The Niles’ Register was this country’s first weekly newsmagazine; it was published continuously from 1811 until 1849 from Baltimore. It spanned 75 volumes and over 30,000 advertisement-free pages of reportage, reprints, government documents, foreign news, and rejoinder letters to the editor. It provides us with a fascinating look back at what were turbulent, developing times: the War of 1812, Andrew Jackson, westward expansion, to name a few. For example, the May 25, 1822 issue contains: a mention of the third edition of Cooper’s The Spy, a sighting of Lafayette at a dinner party in Paris, a report from upriver on the Mississippi, an account of the scarcity of money in New York City, and reprinting of diplomatic correspondence between American and British parties on who has the right to navigate the Mississippi River. An index to the first 12 volumes is available; individual volumes are prefaced with their own indexes. While known as The Niles’ Register, it actually never had that as its actual title; it started as The Weekly Register and was later re-named Niles’ Weekly Register. This overlooked (excepting, of course, those who research the time period) treasure deserves your attention. The printing, while dense, is still eminently readable; there is no excuse not to have recourse to this valuable resource. More background information can be found here and here.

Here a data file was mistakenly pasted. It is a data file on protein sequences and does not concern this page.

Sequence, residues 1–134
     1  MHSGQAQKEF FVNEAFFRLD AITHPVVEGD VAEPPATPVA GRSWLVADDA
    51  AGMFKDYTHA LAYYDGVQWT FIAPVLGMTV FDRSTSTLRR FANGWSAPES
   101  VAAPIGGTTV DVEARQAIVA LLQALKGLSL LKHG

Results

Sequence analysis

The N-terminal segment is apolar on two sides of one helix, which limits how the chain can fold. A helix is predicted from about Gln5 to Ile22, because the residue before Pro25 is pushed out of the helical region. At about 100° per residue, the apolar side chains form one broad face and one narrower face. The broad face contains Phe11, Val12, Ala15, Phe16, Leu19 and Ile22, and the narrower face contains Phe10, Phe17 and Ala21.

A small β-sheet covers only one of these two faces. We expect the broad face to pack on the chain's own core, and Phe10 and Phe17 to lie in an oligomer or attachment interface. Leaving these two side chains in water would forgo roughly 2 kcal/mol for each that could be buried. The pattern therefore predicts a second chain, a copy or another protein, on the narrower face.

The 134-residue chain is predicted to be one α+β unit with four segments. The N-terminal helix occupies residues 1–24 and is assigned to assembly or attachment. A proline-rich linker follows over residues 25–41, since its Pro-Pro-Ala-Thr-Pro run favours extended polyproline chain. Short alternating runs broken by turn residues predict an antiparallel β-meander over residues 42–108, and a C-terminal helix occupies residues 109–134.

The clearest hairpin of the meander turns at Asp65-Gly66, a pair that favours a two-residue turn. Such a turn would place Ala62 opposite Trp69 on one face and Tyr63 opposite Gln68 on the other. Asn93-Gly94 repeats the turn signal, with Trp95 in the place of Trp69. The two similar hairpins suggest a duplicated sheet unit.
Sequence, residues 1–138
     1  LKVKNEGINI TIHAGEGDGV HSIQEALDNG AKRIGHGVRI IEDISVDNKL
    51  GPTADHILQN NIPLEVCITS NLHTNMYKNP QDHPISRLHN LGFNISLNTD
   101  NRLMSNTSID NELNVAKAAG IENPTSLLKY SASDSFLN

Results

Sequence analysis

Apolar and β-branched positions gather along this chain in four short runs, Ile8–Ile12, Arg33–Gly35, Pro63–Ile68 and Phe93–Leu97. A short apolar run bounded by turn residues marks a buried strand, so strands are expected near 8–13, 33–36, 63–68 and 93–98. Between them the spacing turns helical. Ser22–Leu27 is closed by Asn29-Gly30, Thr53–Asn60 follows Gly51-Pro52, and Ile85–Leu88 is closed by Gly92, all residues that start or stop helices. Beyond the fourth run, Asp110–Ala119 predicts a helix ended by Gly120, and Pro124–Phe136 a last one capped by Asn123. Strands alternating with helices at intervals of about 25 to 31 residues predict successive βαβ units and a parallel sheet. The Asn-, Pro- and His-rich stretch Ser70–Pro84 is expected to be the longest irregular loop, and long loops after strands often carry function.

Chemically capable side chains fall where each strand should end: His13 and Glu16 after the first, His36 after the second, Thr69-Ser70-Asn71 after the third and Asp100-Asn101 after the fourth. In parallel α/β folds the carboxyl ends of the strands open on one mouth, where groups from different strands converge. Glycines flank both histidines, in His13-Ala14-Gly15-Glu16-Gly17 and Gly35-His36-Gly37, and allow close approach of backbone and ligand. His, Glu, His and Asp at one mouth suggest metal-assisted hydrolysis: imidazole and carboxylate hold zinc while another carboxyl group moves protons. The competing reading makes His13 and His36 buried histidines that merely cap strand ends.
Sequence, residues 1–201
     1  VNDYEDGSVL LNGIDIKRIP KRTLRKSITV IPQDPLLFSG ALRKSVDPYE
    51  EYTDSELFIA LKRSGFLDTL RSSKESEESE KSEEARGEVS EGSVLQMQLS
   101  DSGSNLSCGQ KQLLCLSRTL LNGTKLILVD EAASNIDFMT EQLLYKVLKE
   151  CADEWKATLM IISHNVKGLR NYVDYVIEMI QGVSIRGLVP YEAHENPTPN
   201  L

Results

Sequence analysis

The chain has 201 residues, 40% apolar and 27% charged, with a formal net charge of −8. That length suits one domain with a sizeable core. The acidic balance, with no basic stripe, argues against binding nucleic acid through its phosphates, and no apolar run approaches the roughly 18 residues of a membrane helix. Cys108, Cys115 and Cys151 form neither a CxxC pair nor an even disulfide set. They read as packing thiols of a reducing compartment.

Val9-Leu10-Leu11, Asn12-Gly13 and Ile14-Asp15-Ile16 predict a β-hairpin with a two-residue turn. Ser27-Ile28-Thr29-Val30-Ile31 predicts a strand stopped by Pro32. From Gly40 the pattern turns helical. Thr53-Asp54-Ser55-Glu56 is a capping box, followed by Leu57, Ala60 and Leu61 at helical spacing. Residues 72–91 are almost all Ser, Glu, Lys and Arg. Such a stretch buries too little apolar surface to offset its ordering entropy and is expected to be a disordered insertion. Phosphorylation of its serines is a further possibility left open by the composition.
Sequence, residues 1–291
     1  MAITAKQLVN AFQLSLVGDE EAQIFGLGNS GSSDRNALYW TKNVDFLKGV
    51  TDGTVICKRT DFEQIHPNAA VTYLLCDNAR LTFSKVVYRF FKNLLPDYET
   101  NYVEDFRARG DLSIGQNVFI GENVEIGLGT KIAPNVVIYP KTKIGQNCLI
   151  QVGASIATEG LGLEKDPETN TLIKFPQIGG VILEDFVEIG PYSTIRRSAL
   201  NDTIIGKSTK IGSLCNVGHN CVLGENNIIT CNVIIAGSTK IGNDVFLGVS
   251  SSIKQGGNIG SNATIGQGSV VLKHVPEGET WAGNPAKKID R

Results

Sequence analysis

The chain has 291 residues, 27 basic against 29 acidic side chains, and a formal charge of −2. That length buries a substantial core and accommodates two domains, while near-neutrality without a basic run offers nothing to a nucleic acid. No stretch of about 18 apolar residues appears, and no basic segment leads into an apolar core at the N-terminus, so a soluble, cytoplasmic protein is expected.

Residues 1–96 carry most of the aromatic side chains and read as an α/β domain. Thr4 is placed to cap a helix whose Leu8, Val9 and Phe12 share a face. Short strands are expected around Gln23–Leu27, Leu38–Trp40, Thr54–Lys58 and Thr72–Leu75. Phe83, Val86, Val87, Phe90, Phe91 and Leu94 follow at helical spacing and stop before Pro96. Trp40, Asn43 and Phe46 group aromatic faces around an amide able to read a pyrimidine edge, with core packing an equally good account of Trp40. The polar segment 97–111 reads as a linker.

Online Primary Sources for American History: “Niles’ Register”